Lucy:   No.  How has winning the Newbery changed your life?

Clare/Mom:  The Newbery has affected my life in a lot of wonderful ways.  I’ve had lots of opportunities to travel and speak at different places to children and adults.  Because of the Newbery, a lot more people are familiar with my book than before.  It does put a certain amount of pressure on the next book, however, so I’m working really hard on writing that next one.  But as we said in our family meeting right after the Newbery was announced, as a family, we want to keep things pretty normal.  We still shop at Target, everybody still has Saturday jobs (even though someone usually forgets to do her job of emptying the bathroom trash can… Lucy) and we just want to appreciate the opportunities that the Newbery has provided.

Lucy:  If you could jump into any book and be in the story, what book would you pick?

Clare/Mom:  Ooh, good question.  There are lots of books I’d love to jump into.  Tom Sawyer and Huckleberry Finn.  There are lots of World War II spy novels that I would like to be in.  A Wrinkle In Time would be fun.  And probably A Long Way from Chicago.  I’d love to meet Grandma Dowdel!

Lucy:  Who is your favorite character in Moon Over Manifest?

Clare/Mom:  Hmm, I love them all, even the persnickety ones like Mrs. Larkin.  But if I had to pick favorites it would probably be Abilene and Shady.  Who is your favorite character?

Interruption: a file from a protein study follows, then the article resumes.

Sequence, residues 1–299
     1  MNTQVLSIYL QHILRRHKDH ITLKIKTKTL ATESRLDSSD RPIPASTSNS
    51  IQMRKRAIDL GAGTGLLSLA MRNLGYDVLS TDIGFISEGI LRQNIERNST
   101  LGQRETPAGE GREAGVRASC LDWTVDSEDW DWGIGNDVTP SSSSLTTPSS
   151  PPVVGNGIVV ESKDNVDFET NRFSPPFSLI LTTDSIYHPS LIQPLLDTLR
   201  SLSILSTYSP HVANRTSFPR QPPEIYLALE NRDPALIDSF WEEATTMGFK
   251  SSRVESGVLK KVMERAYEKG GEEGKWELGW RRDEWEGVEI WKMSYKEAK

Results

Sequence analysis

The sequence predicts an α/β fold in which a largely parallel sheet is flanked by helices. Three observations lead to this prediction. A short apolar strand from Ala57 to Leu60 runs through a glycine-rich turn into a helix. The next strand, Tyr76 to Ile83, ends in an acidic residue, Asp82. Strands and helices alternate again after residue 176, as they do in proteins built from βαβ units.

Lucy:  I like Ned and Jinx because their story is interesting to read about.   Okay, last question.  What do you like about being a writer?

Clare/Mom:  I love writing because it allows me to create characters and get involved in their stories.  I kind of feel like writing is ½ making things up and ½ just going along for the ride!

Lucy:  Okay, that’s it.

Clare/Mom:  Wait, I have a question for you.  Why do you want to be in Battle of the Books?

Lucy:  Because I like reading.

Clare/Mom:  And what is your favorite book?

Lucy:  I have two… well, really six.  The five Percy Jackson books and your book.

Clare/Mom:  That’s nice, Lucy.  Thanks.


If you ask anyone who knows me, they will tell you that I have a very strong connection to place.  I live in Wichita, Kansas, about four blocks from where I grew up, in an old neighborhood called College Hill.  From my house I can walk to my parents' house, my sister's house, the school I went to and where my kids go now, the pool, the sledding hill, and two bookstores!